Then at the closing, the Cannizzaros contended, a representative had them hurriedly sign another set of loan documents that specified a higher interest rate even as the representative told them the documents were the same as they had received previously in the mail.

After their story appeared, First Financial Federal Credit Union of Wall offered to refinance the Cannizzaros' loan with a new one from the credit union.

So much for an easy solution.

New Century had packaged the Cannizzaros' loan with other mortgages and sold them to investors. Months later, the loan was sold again. The actual owners of the Cannizzaros' loan can not be determined by either public or industry records.

Instead, the loan was managed by a mortgage servicing company, which collects payments and deals with the borrowers.

But mortgage servicing companies only make money based on the loans they service and have little incentive to keep staff available to help troubled borrowers, experts said.

"The (mortgage) servicers are not set up to do that kind of work – to manage loans in arrears and figure out what to do with them," said George McCarthy, a program officer at the Ford Foundation, a nonprofit organization based in New York City.

Both the Cannizzaros and Alice P. Stevens, a chief operating officer at First Financial Credit Union in Wall, made dozens of phone calls to both servicing companies that were in charge of the Cannizzaro loan: Everhome Mortgage of Florida and First American Loss Mitigation of California.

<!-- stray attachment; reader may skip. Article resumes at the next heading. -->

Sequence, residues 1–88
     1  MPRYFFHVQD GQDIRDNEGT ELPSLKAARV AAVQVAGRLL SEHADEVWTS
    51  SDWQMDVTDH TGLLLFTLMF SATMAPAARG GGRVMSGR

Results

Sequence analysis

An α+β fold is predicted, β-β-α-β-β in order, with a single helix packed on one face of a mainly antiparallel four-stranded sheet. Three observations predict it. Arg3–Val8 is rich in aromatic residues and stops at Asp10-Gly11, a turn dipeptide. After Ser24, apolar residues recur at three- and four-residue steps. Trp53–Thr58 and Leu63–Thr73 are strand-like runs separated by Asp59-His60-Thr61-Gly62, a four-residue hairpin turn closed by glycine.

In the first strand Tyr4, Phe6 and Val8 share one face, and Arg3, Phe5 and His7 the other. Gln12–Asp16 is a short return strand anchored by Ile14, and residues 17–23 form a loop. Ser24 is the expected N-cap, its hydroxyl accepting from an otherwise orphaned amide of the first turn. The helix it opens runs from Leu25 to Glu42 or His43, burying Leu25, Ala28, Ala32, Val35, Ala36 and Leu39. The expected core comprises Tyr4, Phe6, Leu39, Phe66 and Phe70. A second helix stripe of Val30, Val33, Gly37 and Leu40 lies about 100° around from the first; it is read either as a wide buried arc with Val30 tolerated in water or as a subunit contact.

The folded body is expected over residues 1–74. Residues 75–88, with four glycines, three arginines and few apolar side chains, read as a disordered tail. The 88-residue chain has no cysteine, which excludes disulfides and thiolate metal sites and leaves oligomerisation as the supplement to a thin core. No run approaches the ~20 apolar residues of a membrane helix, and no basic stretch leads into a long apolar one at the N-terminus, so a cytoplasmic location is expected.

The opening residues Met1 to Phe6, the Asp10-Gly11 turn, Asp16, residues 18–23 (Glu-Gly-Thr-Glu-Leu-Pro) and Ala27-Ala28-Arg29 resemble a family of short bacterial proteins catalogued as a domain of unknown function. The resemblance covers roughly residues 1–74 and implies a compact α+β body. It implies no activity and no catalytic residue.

"They didn't respond to us," Stevens said. "We faxed them letter after letter. One would say, "We've sold it,' and the next one would say, "We don't have the file yet.' (The Cannizzaros) were in limbo. We were sending letters to anyone we could think to send them to."

Neither Everhome nor First American returned calls for comment.

Finally, with the sheriff's sale of the Cannizzaro home scheduled for May, an officer at First American called back to say he was ready to discuss a deal. But, the company wanted up to $60,000 in back payments, interest and penalties.

Stevens and the Cannizzaros balked. Then the servicing company accepted the deal after an appraisal.

Stevens said she was shocked at the delay.

"If someone had told me this sort of thing went on, I wouldn't have believed it," she said.

The delays, however irritating, provided the Cannizzaros with an important reprieve. They made no mortgage payments for a year, covering a period when Paul Cannizzaro was out on disability from his job as an NJ Transit bus driver.

Stephanie L. Cannizzaro, 34, said she took a job this spring as a clerk at a Wawa, and Paul Cannizzaro returned to work this spring. On their $60,000 annual income, they believe they can afford the 40-year mortgage loan from First Financial.

Stephanie Cannizzaro said the couple, who have three children, have paid down some personal debt and are glad they fought to stay in the house.

"You have to know your rights and fight," she said. "If you walk away, you may never own a home again."